Anonymous said...


Your post was so poignant and reminiscent of a time gone by. I gently disagree that it is because "we" (our generation" got older - it is more that leisure time for many is very little and filled with errands, chores etc.

I grew up with sitting outside and visiting the neighbors. Wherever, be it relative, friend or neighbor... in the warm weather the visit was outdoor with people stopping by for a minute or to join. There are snapshots of these times that hold some of my better memories of childhood and instilled in me my sense and want of community.

My sense of community these days has expanded to an online community. This is one wonder of the 'net. The other is that some of us have grown into "puter potatoes" replacing "couch potatoes" I admit to often being one and liking it.

And again, I cheer you and Steve on as you face the challenges of transition.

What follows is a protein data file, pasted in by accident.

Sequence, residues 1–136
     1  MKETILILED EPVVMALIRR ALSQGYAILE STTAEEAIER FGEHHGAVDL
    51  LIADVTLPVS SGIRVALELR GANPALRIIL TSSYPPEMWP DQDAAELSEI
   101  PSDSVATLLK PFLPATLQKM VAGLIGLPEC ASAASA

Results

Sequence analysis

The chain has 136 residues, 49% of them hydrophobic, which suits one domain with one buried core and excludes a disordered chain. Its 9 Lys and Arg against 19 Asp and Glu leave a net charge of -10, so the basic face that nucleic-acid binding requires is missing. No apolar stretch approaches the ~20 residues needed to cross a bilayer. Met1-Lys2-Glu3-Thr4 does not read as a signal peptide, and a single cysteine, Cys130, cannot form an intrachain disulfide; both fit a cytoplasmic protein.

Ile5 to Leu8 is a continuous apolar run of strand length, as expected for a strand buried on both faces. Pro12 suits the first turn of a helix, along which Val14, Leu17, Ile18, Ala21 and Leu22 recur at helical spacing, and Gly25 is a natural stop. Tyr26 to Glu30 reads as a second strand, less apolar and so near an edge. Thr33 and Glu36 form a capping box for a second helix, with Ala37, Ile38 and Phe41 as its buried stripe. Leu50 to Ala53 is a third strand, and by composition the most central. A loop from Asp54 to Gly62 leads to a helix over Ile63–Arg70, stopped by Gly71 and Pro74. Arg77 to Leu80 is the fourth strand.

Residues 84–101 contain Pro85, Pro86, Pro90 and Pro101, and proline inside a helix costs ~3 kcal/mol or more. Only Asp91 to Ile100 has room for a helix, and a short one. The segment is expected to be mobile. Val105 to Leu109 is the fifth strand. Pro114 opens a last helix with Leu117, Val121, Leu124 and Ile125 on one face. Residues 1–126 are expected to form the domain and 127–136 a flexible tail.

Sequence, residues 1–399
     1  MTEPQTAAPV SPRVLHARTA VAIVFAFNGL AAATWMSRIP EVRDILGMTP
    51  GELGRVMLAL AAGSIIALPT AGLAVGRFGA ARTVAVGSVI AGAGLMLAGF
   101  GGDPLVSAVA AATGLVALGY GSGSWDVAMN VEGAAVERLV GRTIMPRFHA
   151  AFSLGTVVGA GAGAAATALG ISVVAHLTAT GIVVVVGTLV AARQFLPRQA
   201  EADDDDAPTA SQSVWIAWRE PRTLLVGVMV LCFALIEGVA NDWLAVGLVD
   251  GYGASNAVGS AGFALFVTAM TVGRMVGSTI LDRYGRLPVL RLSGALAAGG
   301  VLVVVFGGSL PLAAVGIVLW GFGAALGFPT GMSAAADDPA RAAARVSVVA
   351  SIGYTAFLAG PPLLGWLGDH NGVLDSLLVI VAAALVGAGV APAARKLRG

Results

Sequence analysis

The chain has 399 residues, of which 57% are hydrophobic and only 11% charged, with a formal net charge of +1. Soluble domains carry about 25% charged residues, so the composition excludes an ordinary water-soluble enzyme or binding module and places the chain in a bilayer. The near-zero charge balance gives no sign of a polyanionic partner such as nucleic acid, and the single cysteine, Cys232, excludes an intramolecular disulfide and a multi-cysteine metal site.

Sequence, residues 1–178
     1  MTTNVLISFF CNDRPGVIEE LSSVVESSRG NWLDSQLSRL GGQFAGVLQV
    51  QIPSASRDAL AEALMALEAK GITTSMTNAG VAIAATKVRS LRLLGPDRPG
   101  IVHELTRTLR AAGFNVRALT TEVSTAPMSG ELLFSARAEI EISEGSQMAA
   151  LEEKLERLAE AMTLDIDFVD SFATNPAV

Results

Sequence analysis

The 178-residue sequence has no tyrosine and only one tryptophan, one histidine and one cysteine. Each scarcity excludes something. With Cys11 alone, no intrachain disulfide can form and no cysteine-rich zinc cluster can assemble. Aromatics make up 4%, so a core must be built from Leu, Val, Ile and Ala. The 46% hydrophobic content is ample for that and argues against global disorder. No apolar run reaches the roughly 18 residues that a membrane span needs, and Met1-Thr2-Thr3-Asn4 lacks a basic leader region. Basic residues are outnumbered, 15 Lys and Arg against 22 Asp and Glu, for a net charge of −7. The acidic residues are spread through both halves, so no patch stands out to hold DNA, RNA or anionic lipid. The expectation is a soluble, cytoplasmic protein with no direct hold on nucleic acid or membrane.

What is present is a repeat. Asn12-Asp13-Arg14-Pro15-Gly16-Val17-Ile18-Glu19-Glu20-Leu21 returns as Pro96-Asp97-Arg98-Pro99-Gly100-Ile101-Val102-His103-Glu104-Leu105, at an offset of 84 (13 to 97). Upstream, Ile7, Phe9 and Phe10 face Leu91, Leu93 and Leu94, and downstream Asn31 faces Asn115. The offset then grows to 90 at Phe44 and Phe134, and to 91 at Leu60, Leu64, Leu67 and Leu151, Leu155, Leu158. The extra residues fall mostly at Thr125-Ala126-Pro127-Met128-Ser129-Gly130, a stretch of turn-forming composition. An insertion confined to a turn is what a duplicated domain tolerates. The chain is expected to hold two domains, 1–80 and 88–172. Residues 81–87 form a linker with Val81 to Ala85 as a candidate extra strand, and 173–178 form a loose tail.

Ralph said...

Hi, Linda. It's an odd thing that I was sort of reminiscing about how things used to be here, but they "used to be" a very short time ago. The neighborhood has gone through a really fast transition, in a matter about just 10 years. I guess change and the desire for it come quickly as you approach a certain age.

I so agree with and laughed at your "'puter potato" comment. I still fight it--I try to mete out my time here so I can do other things that need to be done. Spending 2 or 3 hours a day here choosing music and writing is a new thing for me. But I just love the writing, and the sense of community. I agree, it's one of the wonders of the 'Net.

Kat said...

Somehow I missed this post yesterday. It is now one of my favorites of yours. Thanks!

Ralph said...

You're most welcome, my dear. It seems systems aren't comminicating somehow because your visits haven't been registering in Statcounter, either. Oh well.

Kat said...

I don't know why I don't register. I usually drop by each day using the link from Coffee, Maybe that's where the counter has me listed.

Ralph said...

Actually, it shows the delivering link and my page loaded. I also have you id'd by IP. You haven't shown up for about three days. Today you did.